Feeds:
Posts
Comments

Posts Tagged ‘byrektore’

Here are a few photos from my every day life in Tirana. My stay was brief, but I did develop some habits and a routine. Other things I found out too late, like when I discovered a different way to walk to my office that didn’t take me through the outdoor produce market during my last week in town. Of course, I can hardly be found at fault for this, since Tirana’s streets–and lack of street signs–are notoriously confusing. This first photo is a byrektore in the neighborhood, one of the many where I could stop on my way in to work. For the uninitiated, byrek are savory pastries that make really convenient street food. They differ at each place, but the general idea is that it is some kind of flaky or puff pastry with a stuffing, usually in a triangle or square single-serving size. My favorite stuffing was the cheese (think something like a feta), but the tomato ones are also really good.

My favorite Albanian breakfast

An observant person will notice some Italian-era villas in between many of the drab apartment buildings.

This one is just down the street from my office.

And this one is on the secret route to my apartment that I found right before I came home.

The strange, hurried, and haphazard development of the capital city is exemplified by the state of the electrical wires. All you have to do is look up and you can see it all around in many areas.

Tirana is known for its colorfully-painted apartment buildings. A former mayor was also a painter, and he brightened up the post-Communist city by applying paint in interesting patterns to many of the formerly grey buildings.

A colorful building near the river

On my daily walk past the outdoor market, I always passed this guy sitting on this corner. He usually had a crate with just a few very large, very overgrown-looking squashes, and he would start his sales pitch as you walked by. It always ended in a mutter, and I’m pretty sure that even if I understood Albanian his speech would have been a little unintelligible. You can see examples of the squash right above (behind in the 3-D world) the seat of the motorbike in the photo.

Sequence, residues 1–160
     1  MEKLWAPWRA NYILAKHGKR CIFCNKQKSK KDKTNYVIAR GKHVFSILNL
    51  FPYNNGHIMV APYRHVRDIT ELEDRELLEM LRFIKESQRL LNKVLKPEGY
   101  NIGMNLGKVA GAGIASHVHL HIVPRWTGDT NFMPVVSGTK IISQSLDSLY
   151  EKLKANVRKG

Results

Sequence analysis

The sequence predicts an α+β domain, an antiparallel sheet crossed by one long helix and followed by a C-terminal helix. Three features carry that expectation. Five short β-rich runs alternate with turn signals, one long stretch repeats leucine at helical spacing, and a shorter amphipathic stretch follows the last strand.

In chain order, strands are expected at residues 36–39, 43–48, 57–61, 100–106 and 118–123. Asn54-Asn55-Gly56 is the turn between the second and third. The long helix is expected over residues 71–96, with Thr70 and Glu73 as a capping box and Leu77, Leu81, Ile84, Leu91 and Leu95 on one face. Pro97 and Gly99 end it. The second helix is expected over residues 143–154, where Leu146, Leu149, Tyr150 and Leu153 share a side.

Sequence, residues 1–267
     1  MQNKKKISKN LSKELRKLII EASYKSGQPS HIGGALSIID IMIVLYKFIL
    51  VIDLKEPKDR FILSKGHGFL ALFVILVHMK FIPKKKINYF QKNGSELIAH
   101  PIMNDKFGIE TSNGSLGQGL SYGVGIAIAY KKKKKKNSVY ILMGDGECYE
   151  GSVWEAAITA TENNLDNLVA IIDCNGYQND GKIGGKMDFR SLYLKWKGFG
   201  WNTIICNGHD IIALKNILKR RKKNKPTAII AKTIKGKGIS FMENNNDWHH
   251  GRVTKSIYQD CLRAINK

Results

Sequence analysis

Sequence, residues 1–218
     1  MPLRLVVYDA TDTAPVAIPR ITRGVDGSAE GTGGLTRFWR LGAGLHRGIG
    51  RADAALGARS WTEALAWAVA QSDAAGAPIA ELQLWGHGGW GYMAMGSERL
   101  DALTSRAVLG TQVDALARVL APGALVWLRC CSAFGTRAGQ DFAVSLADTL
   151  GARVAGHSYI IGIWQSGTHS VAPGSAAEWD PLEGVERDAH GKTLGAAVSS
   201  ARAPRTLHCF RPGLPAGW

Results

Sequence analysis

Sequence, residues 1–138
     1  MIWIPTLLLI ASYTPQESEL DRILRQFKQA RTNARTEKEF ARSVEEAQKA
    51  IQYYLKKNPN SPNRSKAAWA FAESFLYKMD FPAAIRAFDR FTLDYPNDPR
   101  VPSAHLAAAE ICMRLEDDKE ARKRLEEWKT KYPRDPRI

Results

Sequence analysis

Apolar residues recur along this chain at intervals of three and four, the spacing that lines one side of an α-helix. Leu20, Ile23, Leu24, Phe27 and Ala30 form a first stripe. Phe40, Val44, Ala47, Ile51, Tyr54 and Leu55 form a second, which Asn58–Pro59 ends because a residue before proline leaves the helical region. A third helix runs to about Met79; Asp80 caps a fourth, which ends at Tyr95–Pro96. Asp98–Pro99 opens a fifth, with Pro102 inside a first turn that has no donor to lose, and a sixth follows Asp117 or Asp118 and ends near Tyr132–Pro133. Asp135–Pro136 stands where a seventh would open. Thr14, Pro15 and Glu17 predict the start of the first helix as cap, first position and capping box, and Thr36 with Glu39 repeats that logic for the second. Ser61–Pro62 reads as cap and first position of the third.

Unfortunately, he decided to hold an umbrella for some shade on the day I brought my camera!

One word that aptly describes Tirana is “construction.” This is a city that is constantly updating itself. The main square of the city, surrounded by stately Italian-style buildings, is lovely but a bit unsightly from all the construction–overturned earth and temporary chain link fences invade any view. Still, once you get used to it, it almost seems normal this way. I gave up trying to take a “pretty” photo and just took a photo of what I saw. It was home, after all!

The statue in the square is Skanderbeg--if you ever see him, you can recognize him by his long beard and helmet with a goat's head on top!

This area where the square is located is known as the “Center,” or Qender in Albanian. The Q is pronounced with a “ch” sound, like in “choice.”

The mosque and clock tower in the center are some of the few older structures that remain in Tirana.

See you later, Tirana! My brief time “living” here was definitely a once in a lifetime experience!

Bicycles are a popular form of transportation in Tirana (seen here in the outdoor market).

Advertisements

Read Full Post »